Cisco shoots CTIA’s hostage to fortune…

Posted in General, Regulatory, Spectrum at 10:02 am by timfarrar

Last June, I pointed out that CTIA had taken the odd (but hardly surprising) decision to run away from its own data on US mobile data traffic growth in 2014, which showed only a 26% increase, in favor of an error-strewn Brattle Group paper that used Cisco’s February 2015 mobile VNI estimates to supposedly show the “FCC’s mobile data growth projection in 2010 was remarkably accurate.”

Now Cisco has released its February 2016 mobile VNI report, CTIA’s attempt to bury its own data has backfired, because Cisco has retrospectively revised its prior estimates of North American mobile data traffic downwards by more than one third. Cisco’s estimate of EOY North American mobile data traffic in 2014 has been reduced from 562TB/mo in the Feb 2015 mobile VNI to only 360TB/mo in the new release, which makes it almost the same as the estimate of 2013 traffic in last year’s publication (345TB/mo). Similarly the estimate of 2015 traffic has been reduced from 849TB/mo in last year’s publication to only 557TB/mo this year, a loss of more than an entire year’s growth.

The chart below highlights the impact of this massive revision to Cisco’s estimates, showing that when combined with previous revisions, the latest estimate of traffic in 2014 is less than half the figure projected by Cisco back in February 2010 (which was used by the FCC as one of the traffic estimates in its infamous October 2010 paper).

Ironically, Cisco’s latest revision actually brings its estimate of US mobile data traffic for 2014 (323TB/mo at the end of the year – from the online tool, the North America figure above includes Canada) below CTIA’s own total of 4.1PB for the year as a whole (i.e. an average of 340TB/mo) meaning that in fact CTIA would have been better off using its own data. Of course that wouldn’t have had the desired effect of trying to make the FCC feel good about its hopelessly flawed 2010 paper and justify CTIA’s own attempt to disinter this methodology and use it to claim a spectrum crisis is still imminent.

UPDATE (2/4): Oddly, in a blog post Cisco asserts that the revision was so that the “2014 baseline volume adjustment now aligns with CTIA’s figures.” That’s actually wrong: the Cisco estimate represents an end-of-year figure (the first line of the report states “Global mobile data traffic reached 3.7 exabytes per month at the end of 2015“) and given that the monthly traffic is growing (one assumes relatively consistently) through the year, it is implausible for the final month of the year to have less traffic than the average for the year as a whole. However, it is certainly very ironic that Cisco has chosen to (try and) align its traffic figures with CTIA at precisely the time when CTIA wants to bury its own numbers in favor of more optimistic growth estimates.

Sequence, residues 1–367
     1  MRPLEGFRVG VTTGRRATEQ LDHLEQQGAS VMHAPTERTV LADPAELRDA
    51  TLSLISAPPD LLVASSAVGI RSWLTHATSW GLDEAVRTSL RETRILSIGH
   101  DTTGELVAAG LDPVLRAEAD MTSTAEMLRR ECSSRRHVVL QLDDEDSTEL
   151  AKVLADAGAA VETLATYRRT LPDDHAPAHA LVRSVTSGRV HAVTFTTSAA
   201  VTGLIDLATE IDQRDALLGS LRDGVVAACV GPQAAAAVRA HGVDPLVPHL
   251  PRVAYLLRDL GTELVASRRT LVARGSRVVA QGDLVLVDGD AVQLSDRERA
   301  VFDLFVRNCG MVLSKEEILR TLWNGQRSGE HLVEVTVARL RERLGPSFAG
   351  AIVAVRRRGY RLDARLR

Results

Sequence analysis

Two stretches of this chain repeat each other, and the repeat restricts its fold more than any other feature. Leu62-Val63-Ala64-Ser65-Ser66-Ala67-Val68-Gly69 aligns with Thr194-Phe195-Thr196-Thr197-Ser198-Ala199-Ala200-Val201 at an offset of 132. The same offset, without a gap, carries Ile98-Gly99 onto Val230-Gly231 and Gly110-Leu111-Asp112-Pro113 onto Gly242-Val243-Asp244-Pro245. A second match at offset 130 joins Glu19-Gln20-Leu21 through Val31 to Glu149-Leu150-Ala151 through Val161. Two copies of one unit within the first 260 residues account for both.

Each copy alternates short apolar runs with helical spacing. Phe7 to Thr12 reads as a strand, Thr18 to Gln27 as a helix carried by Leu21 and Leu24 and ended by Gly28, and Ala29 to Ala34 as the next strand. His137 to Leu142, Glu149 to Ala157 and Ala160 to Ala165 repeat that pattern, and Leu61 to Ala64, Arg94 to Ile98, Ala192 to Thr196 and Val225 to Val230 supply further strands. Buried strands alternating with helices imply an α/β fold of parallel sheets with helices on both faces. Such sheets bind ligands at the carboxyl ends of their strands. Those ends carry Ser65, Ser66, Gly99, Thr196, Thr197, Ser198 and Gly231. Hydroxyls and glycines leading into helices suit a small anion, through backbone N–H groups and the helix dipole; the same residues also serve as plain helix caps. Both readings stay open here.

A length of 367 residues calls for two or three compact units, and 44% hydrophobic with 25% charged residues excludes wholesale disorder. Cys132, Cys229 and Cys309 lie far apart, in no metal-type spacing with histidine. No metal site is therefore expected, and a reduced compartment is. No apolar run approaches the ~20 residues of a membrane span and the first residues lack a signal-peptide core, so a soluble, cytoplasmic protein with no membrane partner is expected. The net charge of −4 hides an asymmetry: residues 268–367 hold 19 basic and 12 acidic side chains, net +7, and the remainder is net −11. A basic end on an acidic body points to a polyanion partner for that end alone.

Specifically, Cisco’s latest VNI forecast shows that the FCC’s estimate that traffic would grow by 35 times between 2009 and 2014 (a reduction from Cisco’s own estimate of 48 times growth) was actually 50% too high, because according to the latest Cisco data, North American traffic grew by only 22 times between 2009 and 2014 (unless of course Cisco has also made some undisclosed retrospective revision to its 2009 data).

As usual, Cisco has not provided any detailed explanation of this dramatic change in its numbers, though part of the cause seems to be a further increase in the assumption of offloaded traffic in 2014 and 2015: the latest forecast claims offloaded traffic on a global basis will grow from 51% in 2015 to 55% in 2020, whereas the previous version claimed growth from 45% in 2014 to 54% in 2019. However, this certainly can’t account for the scale of the change and Cisco must have revised many other individual elements of its traffic estimates in order to reduce its estimates by such a large amount.

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